Fighting al Qaeda’s North African arm is the business of the countries of the Sahara region, said Algeria’s foreign minister, after French special forces joined a failed attempt to rescue a hostage.
Michel Germaneau, a 78-year-old Frenchman, was killed by his Islamist captors after French troops joined Mauritanian forces in an attack on an al Qaeda camp in Mali. France has since said it is at war with al Qaeda in the region.
“For the time being, it is up to the countries of the region to take care of security,” Algerian Foreign Minister Mourad Medelci was quoted by Algerian state news agency APS as saying at an African Union summit in Uganda.
Algeria is sensitive about the role of its former colonial ruler France in its backyard. It says the al Qaeda problem in the Sahara is best solved by the region’s states and bristles at any sign that Western powers are acting without consultation, reports Reuters.
Medelci said there was no need for foreign countries to get involved “as long as the Sahel countries organised themselves with the active participation of Algeria to make sure security in this zone is handled by the countries of the region”.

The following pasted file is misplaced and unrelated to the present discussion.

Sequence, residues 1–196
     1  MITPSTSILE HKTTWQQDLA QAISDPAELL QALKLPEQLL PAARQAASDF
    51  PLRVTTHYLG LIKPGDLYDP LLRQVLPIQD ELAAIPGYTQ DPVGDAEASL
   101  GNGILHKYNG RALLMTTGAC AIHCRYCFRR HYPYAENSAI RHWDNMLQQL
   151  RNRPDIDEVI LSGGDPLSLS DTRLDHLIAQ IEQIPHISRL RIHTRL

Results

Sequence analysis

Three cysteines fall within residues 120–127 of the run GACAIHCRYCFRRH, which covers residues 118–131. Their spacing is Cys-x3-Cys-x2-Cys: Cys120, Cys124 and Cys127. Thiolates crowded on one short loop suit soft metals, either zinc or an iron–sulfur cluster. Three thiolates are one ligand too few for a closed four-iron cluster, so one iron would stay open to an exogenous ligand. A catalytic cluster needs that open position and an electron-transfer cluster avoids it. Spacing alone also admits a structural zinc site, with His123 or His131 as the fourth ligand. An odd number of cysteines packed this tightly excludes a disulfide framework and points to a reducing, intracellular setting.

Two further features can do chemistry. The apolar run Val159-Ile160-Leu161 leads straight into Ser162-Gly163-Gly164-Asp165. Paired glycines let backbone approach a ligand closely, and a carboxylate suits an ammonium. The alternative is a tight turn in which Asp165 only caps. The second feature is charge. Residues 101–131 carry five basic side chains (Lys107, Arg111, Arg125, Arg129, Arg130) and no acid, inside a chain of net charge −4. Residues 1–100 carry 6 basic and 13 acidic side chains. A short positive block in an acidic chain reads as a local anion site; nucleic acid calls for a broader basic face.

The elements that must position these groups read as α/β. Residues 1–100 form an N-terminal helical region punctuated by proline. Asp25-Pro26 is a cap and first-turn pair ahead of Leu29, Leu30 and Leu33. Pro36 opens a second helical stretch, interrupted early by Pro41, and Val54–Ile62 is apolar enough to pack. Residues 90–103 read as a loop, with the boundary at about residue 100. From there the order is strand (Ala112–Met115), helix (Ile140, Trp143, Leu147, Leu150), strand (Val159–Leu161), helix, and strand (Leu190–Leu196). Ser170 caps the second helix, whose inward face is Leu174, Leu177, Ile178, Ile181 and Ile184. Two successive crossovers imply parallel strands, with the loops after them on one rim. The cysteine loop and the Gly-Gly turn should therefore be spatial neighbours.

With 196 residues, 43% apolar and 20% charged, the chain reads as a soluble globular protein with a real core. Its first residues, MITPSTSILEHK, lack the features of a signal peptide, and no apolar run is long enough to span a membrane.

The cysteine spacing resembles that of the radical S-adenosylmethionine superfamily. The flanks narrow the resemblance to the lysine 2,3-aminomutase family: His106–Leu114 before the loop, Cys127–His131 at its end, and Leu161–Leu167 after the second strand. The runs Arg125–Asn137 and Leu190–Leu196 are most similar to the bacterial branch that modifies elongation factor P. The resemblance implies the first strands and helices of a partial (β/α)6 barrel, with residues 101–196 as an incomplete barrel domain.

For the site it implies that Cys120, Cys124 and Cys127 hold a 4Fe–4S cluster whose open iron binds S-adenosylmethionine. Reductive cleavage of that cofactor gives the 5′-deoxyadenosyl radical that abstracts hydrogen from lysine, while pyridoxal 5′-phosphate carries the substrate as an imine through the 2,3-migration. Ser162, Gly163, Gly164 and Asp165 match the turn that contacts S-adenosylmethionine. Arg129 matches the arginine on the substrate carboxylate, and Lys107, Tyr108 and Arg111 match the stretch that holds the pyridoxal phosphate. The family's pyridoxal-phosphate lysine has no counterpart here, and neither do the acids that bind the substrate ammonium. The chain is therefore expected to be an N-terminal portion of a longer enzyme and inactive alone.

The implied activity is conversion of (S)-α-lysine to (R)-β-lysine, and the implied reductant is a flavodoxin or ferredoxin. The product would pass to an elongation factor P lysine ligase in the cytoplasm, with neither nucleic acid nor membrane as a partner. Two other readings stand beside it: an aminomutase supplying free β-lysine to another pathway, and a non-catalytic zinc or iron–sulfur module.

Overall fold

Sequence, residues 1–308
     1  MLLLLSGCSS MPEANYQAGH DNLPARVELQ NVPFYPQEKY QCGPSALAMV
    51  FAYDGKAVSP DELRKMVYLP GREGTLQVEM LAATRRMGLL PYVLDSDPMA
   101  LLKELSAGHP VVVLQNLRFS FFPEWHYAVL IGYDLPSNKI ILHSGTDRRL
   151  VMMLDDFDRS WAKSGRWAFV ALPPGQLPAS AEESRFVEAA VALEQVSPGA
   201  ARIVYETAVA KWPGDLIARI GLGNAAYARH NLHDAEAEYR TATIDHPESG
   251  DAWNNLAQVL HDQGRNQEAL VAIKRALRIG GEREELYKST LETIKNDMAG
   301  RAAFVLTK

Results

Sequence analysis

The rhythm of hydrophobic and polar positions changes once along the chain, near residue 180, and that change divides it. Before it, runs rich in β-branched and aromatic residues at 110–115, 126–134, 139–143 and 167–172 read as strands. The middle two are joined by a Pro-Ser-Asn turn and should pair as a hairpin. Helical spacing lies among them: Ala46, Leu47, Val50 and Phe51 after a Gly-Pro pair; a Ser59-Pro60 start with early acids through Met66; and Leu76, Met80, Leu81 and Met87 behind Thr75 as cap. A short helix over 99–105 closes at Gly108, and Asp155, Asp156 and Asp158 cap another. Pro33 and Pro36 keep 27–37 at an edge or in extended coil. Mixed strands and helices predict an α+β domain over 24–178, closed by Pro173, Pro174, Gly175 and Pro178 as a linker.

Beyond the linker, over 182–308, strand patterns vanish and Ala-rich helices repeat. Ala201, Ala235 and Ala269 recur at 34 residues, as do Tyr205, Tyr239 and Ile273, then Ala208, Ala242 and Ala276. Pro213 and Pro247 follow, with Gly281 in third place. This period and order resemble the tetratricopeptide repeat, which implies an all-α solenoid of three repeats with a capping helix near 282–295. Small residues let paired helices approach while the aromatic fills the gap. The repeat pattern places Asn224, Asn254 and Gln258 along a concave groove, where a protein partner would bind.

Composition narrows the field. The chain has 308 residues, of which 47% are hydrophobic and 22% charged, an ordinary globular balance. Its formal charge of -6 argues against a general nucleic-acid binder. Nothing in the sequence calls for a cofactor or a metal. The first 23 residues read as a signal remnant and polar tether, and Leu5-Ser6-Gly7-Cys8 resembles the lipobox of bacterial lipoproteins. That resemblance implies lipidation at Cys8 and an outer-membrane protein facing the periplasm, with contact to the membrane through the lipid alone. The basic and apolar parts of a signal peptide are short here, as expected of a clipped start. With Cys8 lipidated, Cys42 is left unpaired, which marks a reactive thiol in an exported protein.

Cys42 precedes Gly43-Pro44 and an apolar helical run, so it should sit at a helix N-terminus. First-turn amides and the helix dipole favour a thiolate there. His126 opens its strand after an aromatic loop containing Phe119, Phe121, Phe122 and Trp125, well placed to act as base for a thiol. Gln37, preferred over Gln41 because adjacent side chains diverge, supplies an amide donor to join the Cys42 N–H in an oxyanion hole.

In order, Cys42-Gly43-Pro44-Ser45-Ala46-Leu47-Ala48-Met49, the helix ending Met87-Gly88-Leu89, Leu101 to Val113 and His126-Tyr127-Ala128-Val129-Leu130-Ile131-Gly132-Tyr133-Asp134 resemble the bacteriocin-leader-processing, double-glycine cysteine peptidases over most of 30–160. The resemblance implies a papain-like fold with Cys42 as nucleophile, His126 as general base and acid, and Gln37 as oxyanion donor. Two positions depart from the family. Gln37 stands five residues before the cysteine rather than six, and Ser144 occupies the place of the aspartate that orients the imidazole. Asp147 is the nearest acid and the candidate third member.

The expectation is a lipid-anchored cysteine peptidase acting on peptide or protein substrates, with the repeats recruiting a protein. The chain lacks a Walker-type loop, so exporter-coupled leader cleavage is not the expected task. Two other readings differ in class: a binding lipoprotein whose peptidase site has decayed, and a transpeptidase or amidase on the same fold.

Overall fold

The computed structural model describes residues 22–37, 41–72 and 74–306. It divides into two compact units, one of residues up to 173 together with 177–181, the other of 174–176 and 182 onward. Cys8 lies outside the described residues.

Cooperation with foreign countries over security in the Sahel region — which includes Algeria, Mali, Mauritania and Niger — is possible “but only when it is necessary”, he added.
Algeria says only the countries of the region have the local knowledge needed to track down the insurgents.
Officials point to the creation of a joint military headquarters in the Sahara earlier this year as evidence they are handling the threat themselves.
French Prime Minister Francois Fillon said on Monday his country is at war with al Qaeda’s north African branch and will intensify military support for governments in the region fighting the insurgents.